If the situation does indeed escalate, members of Congress will find themselves having to choose between defending American citizens and democracy in Egypt or protecting its most important leverage in the tumultuous country, particularly as it relates to the Egypt-Israel peace treaty. As one congressional aide put it, “The funding is one of the very few arrows left in our quiver.”
“Do I think the people calling for aid cutoff are serious? I do,” a senior staffer says. “Do I think they will win out? That really depends on what Egypt does.”
The “political maelstrom was not of our making,” said Ken Wollack, president of the National Democratic Institute, who refuted Egyptian officials’ “false and misleading accusations” that the NGOs were interfering in domestic politics or seeking to sow instability.
NDI has never trained or funded protest movements or political parties, and its programs are designed to support electoral processes, not to engineer political outcomes.
“Our goal is to support a transparent, democratic process that gives people the freedom to make choices,” he said.
The attacks on the four U.S.-based NGOs are “just tip of the iceberg,” said Lorne Craner, head of the International Republican Institute.
The prosecution is “part of a broader assault on civil society” that has disturbing implications for the “trajectory of Egypt’s democratic development,” as the authorities are targeting those Egyptian NGOs best placed to monitor and support a democratic transition, he said.
The hearing came a day after 29 Egyptian NGOs portrayed the investigation as a “politically motivated” probe that was initiated with “the goal of smearing civil society, especially human rights organizations, and painting them as collaborators with foreign agendas and conspirators against the country’s stability.”
Their views were echoed at today’s hearing.
Some 400 Egyptian NGOs are under investigation and face “relentless” pressure from the regime, said Freedom House’s David Kramer.
“The crackdown on civil society represents a clear effort to block a democratic transition in Egypt,” he said. “Essentially, in the minds of many Egyptians, the military has hijacked the revolution and what it represented.”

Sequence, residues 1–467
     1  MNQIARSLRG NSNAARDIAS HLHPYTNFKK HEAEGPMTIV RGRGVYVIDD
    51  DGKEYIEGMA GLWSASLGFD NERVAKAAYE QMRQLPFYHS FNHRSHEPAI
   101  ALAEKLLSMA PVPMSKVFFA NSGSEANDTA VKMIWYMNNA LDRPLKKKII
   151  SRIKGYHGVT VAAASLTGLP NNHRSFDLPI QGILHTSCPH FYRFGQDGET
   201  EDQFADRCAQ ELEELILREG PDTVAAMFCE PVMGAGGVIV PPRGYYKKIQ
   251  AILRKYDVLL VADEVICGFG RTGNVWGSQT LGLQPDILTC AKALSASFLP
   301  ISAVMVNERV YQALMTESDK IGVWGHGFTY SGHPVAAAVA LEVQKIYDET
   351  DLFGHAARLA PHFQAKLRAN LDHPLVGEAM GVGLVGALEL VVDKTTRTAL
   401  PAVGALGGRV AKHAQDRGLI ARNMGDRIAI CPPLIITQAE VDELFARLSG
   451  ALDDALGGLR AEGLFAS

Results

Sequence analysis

“Not even under Hosni Mubarak did we and our partners face such attacks,” he said. “Nowhere else in the world have any of our offices been treated as they are in Egypt.”
Speculation that a compromise resolution of the crisis would see accused foreigners released and deported, while prosecutions of local activists continued, was rejected at the hearing.
Any resolution of the crisis must include “the most vulnerable on the ground,” said Joyce Barnathan, president of the International Center for Journalists.
She also dismissed claims that the NGOs engaged in covert political activities, noting that the government-controlled Al-Ahram was a partner in their programs to help local journalists develop quality reporting and expand use of multi-media.
Several members, including committee chair Ileana Ros-Lehtinen, asked what the Muslim Brotherhood’s support for the regime’s crackdown says about prospects for democracy.
Transitions are always complicated, said NDI’s Wollack, but he remains “optimistic.”
“The political constellation in the new parliament gives room for hope,” he said. Some 30% of the popular vote went to liberal secular parties, a result that would have been deemed miraculous just a couple of years ago.
Furthermore, the Brotherhood-led Freedom and Justice party is not monolithic and includes non-Islamist elements, while both the Brotherhood and the FJP are pursing coalition arrangements with liberal and secular groups.
“The results of the election have raised concerns that extremist forces will take over Egypt,” said Freedom House’s Kramer. “While somewhat overblown, these fears would best be allayed by allowing civil society to play an active role in shaping the country’s future,” he said.
IRI’s Craner warned of the authoritarian learning taking place, as other regimes observe the authorities in Cairo interrogating and prosecuting pro-democracy activists “with impunity.”
Other autocratic regimes will learn and copy unless the U.S. “pushes back aggressively,” said Kramer. Egypt’s rulers are playing the anti-American card for populist purposes – as is Russia’s Vladimir Putin.
But the regime’s attempt to inflame and exploit anti-American sentiment is likely to backfire if it is taken to confirm that Egypt is becoming an unreliable ally and turning its back on the West.
“The fact is that the Camp David Accords aren’t necessarily safe even if we maintain our military aid to Egypt … [as] the Brotherhood will soon hold power,” said Eric Trager, a fellow at the Washington Institute for Near East Policy, addressing a subcommittee of the House Foreign Relations Committee this week.
“The aid is no longer an effective tool, which is why the military believes that it can prevent the son of a cabinet secretary from traveling without impunity, he said. “Making aid to Egypt a tool for leverage now will better position that aid to be used for leverage later, whether we’re talking about a crisis in Israeli-Egyptian relations or another crackdown on U.S.-funded NGOs.”
The logic is not lost on Capitol Hill or, one suspects, within the Administration.
“There are some who are dismissive of the SCAF’s influence, know their hands are tied, and their role in the country once the new government is formed in six to eight months is a big unknown,” said a high-level Hill staffer working on the issue. “Some of those folks on the Hill are saying that, looking at the way elections are going, and with people like Abul Naggah running things, these are the folks we are going to be dealing within Egypt in the future, so might as well send them a message now.”